William & Mary

W&M prepares to welcome new undergraduate, graduate students

  • Welcome home:
    Welcome home:  The newest members of the Tribe will be walking the well-trodden brick pathways of W&M in just a few weeks.  Photo by Stephen Salpukas
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This story was updated on Aug. 18, 2015, to reflect the latest anticipated enrollment numbers. - Ed.

The newest members of the William & Mary student body are getting ready to make their mark on the Alma Mater of the Nation. Graduate students begin classes in less than two weeks, and undergraduates start Aug. 26.

“This is an outstanding group of students that we welcome as the newest members of the Tribe,” said Tim Wolfe, associate provost for enrollment and dean of admission. “They bring with them an impressive record of accomplishments, a diverse and interesting range of experiences and an eclectic mix of talents. I know they will make William & Mary an even stronger community, and we will be proud of what they achieve in the years to come.”

Undergraduates

William & Mary anticipates enrolling 1,522 undergraduates in the Class of 2019, including 24 in the St Andrews William & Mary Joint Degree Programme. The freshmen were selected from a pool of 14,953 applicants, setting a new record for the university for the 11th consecutive year.

The group is diverse and academically accomplished. Students of color make up 28 percent of the class, and 10 percent are first-generation students. Additionally, 7 percent of the class is made up of international students. The SAT middle 50th percentile is 1260-1460, and 81 percent of students with class rank graduated in the top 10 percent of their classes.

The new freshmen also boast a large array of interests and experiences; the Class of 2019 includes a nationally ranked chess player who also performs stand-up comedy, a Scottish fiddle champion, a student who scaled Mount Kilimanjaro and a member of Team USA for competitive sport stacking.

In addition to the entering freshmen, William & Mary expects to welcome 195 new transfer students to campus this semester.

Graduate students

Among the Arts & Sciences, 119 new graduate students will be entering programs in American studies, anthropology, applied science, biology, chemistry, computer science, history, physics, psychology and public policy.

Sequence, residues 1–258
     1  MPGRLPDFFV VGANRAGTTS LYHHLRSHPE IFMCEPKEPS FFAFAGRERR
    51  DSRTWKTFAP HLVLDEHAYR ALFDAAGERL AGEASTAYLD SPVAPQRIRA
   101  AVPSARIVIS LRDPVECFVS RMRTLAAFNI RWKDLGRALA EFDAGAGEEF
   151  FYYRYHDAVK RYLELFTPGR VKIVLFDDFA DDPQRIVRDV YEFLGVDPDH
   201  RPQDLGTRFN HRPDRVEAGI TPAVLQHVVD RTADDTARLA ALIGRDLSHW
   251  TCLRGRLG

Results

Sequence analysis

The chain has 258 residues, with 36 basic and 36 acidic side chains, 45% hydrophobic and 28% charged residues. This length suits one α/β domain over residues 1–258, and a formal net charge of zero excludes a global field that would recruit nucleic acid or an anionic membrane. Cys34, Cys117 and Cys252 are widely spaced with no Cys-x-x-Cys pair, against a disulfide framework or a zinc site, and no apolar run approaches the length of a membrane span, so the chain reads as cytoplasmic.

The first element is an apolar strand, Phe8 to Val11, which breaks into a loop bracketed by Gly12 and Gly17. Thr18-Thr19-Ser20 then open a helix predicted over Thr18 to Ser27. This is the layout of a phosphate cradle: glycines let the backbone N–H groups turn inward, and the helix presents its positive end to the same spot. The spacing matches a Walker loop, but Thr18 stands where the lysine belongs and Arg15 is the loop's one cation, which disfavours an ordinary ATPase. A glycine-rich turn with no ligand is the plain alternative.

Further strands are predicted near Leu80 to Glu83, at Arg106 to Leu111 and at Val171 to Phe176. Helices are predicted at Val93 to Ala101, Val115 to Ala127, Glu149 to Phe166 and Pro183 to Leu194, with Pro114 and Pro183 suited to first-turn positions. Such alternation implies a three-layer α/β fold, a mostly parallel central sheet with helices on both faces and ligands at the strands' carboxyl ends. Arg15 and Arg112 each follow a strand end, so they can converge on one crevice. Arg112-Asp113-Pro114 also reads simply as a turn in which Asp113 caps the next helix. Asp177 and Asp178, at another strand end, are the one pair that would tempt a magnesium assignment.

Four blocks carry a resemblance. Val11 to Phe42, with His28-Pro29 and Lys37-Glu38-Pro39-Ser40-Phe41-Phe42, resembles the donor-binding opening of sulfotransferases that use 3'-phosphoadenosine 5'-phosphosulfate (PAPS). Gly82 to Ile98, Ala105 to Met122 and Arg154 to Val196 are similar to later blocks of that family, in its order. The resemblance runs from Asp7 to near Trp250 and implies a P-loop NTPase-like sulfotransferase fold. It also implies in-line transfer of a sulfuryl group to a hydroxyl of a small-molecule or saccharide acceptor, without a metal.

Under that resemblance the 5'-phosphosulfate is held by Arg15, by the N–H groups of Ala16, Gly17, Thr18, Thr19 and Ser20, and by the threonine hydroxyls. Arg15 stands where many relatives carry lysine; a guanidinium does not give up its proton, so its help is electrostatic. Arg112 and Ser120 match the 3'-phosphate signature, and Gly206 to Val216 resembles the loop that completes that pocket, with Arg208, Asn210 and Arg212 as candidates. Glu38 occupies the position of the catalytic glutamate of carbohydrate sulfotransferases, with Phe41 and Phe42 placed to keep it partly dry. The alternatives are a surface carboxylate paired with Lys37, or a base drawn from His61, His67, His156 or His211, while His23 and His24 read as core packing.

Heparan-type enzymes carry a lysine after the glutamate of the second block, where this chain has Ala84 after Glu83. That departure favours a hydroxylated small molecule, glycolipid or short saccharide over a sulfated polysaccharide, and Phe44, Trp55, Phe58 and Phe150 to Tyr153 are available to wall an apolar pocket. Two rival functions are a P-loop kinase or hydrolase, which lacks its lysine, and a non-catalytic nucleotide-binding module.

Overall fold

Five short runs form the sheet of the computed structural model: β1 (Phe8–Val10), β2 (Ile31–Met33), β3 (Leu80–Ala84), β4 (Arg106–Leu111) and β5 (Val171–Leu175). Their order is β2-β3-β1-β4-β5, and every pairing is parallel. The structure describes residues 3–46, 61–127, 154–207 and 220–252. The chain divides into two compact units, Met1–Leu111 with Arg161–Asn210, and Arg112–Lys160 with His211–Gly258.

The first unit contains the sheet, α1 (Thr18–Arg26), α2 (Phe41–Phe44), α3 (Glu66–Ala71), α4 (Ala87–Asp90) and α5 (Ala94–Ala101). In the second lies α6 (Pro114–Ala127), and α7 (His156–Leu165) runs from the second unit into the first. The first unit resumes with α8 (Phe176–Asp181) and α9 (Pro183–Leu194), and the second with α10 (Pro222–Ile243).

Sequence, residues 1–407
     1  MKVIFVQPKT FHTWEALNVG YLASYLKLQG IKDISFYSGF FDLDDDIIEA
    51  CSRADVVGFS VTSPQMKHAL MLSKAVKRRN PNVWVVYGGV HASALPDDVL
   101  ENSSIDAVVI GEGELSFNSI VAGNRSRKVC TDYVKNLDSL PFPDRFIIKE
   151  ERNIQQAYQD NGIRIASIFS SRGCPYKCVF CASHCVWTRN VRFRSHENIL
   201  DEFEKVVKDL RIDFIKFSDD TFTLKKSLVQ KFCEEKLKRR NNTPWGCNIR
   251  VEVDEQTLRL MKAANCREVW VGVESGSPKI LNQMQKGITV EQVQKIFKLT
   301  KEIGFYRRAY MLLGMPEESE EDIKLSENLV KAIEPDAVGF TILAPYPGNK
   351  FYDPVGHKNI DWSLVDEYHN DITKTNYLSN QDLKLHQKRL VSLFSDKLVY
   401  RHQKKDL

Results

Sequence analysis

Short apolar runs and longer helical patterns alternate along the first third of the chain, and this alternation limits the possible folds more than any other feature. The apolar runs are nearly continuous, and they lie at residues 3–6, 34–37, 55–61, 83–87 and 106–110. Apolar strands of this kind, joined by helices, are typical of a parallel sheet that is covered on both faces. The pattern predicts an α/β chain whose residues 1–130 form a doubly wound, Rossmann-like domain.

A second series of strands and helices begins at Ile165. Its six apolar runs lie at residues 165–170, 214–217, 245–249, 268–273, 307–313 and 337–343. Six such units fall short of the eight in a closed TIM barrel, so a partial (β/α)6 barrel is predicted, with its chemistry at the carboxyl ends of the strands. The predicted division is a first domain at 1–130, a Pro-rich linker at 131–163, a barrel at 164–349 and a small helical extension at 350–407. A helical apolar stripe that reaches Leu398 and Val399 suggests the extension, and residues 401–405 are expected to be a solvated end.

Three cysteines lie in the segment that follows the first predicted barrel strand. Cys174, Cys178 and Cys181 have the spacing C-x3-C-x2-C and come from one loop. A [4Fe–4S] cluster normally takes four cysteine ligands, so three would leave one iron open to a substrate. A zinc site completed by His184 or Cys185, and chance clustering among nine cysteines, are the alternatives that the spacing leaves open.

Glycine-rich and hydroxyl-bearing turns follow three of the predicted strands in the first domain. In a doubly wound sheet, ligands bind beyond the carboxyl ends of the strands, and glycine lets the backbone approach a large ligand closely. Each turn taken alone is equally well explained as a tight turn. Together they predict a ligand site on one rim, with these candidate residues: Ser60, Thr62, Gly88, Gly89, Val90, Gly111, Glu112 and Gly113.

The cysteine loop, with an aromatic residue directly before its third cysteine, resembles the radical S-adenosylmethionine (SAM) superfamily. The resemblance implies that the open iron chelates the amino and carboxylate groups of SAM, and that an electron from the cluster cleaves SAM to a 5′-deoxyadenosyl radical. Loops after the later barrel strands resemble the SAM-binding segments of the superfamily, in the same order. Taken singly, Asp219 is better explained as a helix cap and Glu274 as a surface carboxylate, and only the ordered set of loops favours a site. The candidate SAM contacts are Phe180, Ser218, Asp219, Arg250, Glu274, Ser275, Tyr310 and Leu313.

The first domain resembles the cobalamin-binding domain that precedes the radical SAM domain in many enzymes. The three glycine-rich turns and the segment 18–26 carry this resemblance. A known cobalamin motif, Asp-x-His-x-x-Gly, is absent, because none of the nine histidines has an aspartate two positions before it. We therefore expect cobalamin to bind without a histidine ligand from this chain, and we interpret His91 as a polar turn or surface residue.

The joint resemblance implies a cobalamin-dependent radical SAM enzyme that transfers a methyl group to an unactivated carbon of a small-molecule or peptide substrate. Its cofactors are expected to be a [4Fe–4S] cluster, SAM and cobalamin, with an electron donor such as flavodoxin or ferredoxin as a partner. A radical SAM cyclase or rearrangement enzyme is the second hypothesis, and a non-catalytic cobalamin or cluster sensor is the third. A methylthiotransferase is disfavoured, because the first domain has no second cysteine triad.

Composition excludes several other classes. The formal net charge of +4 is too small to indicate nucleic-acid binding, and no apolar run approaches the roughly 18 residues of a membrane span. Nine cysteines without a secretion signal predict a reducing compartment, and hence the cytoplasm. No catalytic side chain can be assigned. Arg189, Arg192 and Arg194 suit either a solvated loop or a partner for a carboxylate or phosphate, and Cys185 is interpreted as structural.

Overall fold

Eighty-eight percent of those students conducted research as undergraduates, with most receiving awards or honors for their scholarship. Approximately 87 percent have contributed to their communities through volunteer service, and more than 63 percent have been teachers or mentors to preschoolers through senior citizens.

Twenty-one percent of the entering Arts & Sciences graduate students self-identified as students of color, including international students from six countries. Among the new students are an NIH intern, a Chicago Art Institute intern, a professional photographer, a FIRST® LEGO® League World Competitor, and a certified martial arts instructor.

The School of Education is enrolling 184 graduate students in its programs in teacher education, counseling and administration. Twenty-one percent of the group is made up of students of color, and eight of the students are from China and Korea. The average undergraduate GPA of the students is 3.4, and the average graduate GPA is 3.75. The GRE verbal score for the group is in the 72nd percentile, and the average quantitative score is in the 51st percentile.

The new graduate students include: two crisis hotlines volunteers, a former gymnast, a jazz ensemble director, a soccer coach, a former piano teacher, a student who speaks four languages, a Girl Scouts leader, a former animal care technician, a dance instructor, a student with a master’s degree in history, a former webmaster and a former theatre director.